>> HSP-s (High-Scoring Segment Pairs)

-Evaluate the significance and E-value of the HSP-s


Using it: BLAST sub-programs (beside the pairwise alignments)

Blastn: Search a nucleotide database using a nucleotide queryWhat can my sequence be? – close relatives

(What are the sequences similar to my sequence?)

BlastP: Search protein database using a protein queryWhat can my protein be?

(What are the proteins similar to my sequence?)

Find conserved domains in the query

Find members of the protein family

Blastx: Search protein database using a translated nucleotide query

Find coding sequences in a piece of genomic DNA

Protein sequences: more conserved!

Tblastn: Search translated nucleotide database using a protein query

Find similar proteins e.g. not annotated DNA sequences

Tblastx: Search translated nucleotide database using a translated nucleotide query

Find coding sequences in a piece of genomic DNA

Note: translation is done in all 6 frames, and all of these are locally analyzed


Making Phylogenetic Trees alignments)

Aims:

to show evolutinary relationships of:

genes, species (they evolve ALL the time)

even computer softwares...

A. Budd

Ji et al., 2008


The new rRNA-based animal phylogeny (1995) alignments)

Annelida

Mollusca

Platyhelm.

(1995)

Deuterostomia

Protostomia

rRNA:

present in all creatures

slow/fast evolving parts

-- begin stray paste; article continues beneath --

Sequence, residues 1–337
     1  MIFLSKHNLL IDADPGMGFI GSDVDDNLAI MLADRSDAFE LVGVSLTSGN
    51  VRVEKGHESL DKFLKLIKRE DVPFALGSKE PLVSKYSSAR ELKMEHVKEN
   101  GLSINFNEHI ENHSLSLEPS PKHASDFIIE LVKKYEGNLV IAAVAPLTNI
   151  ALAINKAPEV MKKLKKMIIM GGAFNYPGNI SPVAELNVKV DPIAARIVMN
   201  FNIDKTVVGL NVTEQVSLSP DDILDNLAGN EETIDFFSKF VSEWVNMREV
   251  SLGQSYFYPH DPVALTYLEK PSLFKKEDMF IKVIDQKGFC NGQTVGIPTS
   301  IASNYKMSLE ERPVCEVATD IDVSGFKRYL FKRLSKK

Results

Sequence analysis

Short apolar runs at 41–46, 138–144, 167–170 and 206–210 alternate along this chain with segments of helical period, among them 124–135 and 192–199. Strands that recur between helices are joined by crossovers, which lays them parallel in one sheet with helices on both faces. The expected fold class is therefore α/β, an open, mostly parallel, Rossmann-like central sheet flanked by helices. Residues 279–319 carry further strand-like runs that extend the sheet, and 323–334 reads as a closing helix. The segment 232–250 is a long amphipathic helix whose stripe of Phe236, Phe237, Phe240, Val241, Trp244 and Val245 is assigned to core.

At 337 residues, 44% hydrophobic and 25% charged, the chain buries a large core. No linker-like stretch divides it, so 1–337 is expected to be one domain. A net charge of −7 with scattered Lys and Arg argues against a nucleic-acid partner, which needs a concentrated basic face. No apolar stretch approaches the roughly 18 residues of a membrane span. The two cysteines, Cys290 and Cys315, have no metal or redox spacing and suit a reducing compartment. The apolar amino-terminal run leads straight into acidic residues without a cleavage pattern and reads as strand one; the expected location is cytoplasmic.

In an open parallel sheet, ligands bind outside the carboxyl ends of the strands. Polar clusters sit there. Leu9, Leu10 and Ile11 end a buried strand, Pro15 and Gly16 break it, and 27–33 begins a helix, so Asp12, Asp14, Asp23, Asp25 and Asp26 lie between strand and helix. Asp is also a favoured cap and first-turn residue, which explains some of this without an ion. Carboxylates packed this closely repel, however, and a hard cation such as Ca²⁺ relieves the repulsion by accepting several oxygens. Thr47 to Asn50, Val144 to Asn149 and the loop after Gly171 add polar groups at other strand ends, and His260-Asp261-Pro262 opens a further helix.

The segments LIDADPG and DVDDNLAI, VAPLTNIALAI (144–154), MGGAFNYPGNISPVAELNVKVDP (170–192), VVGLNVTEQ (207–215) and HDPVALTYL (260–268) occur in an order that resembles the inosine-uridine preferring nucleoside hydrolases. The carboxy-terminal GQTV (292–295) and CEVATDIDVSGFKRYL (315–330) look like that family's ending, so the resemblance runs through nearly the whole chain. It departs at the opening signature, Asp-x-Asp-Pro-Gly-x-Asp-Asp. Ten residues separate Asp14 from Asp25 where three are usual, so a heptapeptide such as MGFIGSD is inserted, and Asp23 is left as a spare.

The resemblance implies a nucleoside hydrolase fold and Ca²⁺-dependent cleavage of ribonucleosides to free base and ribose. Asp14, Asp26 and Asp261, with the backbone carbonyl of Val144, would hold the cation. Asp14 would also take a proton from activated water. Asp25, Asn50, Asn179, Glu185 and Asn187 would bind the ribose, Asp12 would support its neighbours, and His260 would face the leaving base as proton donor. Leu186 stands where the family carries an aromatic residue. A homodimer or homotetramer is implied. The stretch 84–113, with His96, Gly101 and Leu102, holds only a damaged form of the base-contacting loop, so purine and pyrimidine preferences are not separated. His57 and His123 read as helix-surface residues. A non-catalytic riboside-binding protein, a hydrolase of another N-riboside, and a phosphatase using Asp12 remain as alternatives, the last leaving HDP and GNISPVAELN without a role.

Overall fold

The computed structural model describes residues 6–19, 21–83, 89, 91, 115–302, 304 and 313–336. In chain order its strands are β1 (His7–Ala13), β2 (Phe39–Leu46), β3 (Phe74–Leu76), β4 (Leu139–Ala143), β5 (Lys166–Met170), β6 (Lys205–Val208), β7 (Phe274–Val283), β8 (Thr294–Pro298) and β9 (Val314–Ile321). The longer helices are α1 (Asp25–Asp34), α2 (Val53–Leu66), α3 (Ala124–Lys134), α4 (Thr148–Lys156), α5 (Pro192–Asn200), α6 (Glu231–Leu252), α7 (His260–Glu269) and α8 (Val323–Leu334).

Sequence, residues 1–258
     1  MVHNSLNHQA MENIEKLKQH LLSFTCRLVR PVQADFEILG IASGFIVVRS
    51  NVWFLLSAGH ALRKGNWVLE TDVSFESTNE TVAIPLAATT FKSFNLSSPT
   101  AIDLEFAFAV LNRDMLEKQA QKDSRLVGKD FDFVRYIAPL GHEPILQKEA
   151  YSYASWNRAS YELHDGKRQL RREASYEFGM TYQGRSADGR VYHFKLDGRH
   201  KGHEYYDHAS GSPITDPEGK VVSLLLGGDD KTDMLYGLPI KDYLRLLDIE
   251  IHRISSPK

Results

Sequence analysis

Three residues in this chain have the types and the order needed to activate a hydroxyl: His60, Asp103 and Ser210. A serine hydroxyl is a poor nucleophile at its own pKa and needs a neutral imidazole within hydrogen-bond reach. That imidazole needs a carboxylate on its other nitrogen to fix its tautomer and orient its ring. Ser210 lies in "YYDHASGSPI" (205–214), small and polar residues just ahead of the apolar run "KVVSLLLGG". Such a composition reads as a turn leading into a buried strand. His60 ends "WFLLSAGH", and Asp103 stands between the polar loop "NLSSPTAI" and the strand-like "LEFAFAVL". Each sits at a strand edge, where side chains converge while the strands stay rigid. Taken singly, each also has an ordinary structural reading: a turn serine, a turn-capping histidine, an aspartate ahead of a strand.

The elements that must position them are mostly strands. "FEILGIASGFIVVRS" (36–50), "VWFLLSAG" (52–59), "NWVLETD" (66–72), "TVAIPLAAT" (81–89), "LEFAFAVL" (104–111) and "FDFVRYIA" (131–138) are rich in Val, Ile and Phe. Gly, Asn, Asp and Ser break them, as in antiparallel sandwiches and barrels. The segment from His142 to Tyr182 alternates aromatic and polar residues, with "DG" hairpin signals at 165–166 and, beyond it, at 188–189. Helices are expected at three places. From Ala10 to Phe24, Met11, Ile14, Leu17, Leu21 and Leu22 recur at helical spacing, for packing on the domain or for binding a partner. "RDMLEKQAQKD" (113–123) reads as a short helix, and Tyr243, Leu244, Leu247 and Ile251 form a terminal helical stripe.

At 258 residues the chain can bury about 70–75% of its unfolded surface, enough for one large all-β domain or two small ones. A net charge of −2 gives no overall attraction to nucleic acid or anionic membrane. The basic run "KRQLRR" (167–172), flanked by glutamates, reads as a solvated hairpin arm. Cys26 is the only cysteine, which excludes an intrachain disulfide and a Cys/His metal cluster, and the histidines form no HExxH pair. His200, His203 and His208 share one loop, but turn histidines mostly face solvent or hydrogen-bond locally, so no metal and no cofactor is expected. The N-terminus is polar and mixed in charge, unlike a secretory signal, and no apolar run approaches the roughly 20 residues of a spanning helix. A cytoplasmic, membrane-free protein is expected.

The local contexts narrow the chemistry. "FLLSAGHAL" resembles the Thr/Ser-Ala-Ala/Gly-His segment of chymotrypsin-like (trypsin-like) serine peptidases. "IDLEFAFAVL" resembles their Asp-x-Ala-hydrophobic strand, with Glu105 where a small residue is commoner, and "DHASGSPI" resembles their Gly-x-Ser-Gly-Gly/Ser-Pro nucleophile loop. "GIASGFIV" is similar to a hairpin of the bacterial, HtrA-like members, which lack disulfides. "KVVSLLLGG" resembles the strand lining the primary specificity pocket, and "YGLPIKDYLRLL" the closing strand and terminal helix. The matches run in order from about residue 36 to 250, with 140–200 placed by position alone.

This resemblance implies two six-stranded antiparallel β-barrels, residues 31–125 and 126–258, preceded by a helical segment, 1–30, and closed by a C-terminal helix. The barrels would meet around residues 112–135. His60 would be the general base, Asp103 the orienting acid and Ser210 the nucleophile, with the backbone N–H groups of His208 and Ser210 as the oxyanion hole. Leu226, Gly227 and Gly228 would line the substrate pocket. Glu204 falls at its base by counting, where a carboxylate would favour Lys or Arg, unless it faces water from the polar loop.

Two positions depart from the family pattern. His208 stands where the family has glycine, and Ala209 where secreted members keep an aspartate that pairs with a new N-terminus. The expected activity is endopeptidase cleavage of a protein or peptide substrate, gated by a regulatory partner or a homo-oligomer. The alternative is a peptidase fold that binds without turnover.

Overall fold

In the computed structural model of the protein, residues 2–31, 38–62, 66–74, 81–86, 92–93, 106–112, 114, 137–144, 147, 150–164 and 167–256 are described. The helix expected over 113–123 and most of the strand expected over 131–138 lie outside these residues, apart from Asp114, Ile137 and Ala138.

secondary structure

Halanych et al, Aduotte et al., after 1995


The new rRNA-based Tree of Life alignments)

Woese et al., after 1990


Description of Evolutionary Trees alignments)

Internal nodes:

hypothetical ancestral organisms/genes

Terminal nodes:

existing organisms/genes (Operational Taxonomy Units, OTU)

Root:

the last common ancestor of the entire group

Sister groups:

on either side of a split, with a common ancestor

and no additional descendents

Monophyletic group

A group containing an ancestor and all of its descendants

most recent common ancestor of the group

Only the terminal nodes (OTU) exist right now

They all evolve in time!


Description of Phylogenetic Trees alignments)

Cladogram:

branch length unscaled

Phylogram:

branch length=amounts of evol. divergence

(horizontals doesn't count)

Biology: sequences, organisms evolve all the time

time

Molecular clocks:

Can the # of mutations of a DNA or protein sequence correlated

with the time lapsed after the Last Common Ancestor?

If the rate is cca constant: YES

Different rates - different advantages GENE PHYLOGENY ≠ SPECIES PHYLOGENY

too fast: saturation - back mutations - underestimation of the distance:

A-B-C-D-E-A-...

calibration: some dated fossil records are needed


Building Phylogenetic trees: A very simple example: alignments)

One step-one mutation